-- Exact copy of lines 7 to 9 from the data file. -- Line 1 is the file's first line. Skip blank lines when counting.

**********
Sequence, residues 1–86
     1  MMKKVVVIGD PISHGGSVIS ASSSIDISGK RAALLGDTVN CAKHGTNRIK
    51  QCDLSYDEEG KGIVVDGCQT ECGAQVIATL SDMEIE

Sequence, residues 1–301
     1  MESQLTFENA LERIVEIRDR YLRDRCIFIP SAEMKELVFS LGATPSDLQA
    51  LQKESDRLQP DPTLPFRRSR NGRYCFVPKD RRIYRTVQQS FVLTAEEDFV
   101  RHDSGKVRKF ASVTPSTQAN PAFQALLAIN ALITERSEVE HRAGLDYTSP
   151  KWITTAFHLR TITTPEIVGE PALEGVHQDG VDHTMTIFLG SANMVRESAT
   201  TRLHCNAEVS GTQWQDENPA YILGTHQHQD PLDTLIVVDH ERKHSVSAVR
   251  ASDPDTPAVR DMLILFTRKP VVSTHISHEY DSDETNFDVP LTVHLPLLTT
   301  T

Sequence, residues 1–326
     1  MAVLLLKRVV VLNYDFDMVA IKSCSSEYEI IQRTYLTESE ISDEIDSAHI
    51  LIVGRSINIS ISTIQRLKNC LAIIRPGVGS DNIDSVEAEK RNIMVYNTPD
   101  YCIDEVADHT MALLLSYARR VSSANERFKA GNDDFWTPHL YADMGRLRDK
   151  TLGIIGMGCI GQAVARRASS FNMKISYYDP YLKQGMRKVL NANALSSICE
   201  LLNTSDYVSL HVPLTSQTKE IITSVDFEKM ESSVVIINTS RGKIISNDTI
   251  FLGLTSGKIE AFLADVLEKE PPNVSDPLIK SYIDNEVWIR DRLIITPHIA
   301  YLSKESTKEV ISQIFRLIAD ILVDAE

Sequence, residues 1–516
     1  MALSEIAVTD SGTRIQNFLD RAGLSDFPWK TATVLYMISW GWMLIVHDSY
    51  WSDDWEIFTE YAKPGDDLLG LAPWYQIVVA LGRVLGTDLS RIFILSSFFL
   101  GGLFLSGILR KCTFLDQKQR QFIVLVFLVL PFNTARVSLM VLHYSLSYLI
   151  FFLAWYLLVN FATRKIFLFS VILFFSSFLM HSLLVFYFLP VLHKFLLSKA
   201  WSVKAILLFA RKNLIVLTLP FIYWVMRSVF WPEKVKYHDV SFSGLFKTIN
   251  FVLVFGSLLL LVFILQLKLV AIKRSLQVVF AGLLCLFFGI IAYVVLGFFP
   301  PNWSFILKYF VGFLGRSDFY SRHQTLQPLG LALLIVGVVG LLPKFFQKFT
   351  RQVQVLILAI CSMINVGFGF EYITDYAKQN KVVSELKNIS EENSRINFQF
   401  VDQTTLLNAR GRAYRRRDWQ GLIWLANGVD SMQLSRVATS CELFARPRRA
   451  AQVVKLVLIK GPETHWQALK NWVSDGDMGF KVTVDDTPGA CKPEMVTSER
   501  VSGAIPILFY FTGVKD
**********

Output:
   101  RHDSGKVRKF ASVTPSTQAN PAFQALLAIN ALITERSEVE HRAGLDYTSP
   151  KWITTAFHLR TITTPEIVGE PALEGVHQDG VDHTMTIFLG SANMVRESAT
   201  TRLHCNAEVS GTQWQDENPA YILGTHQHQD PLDTLIVVDH ERKHSVSAVR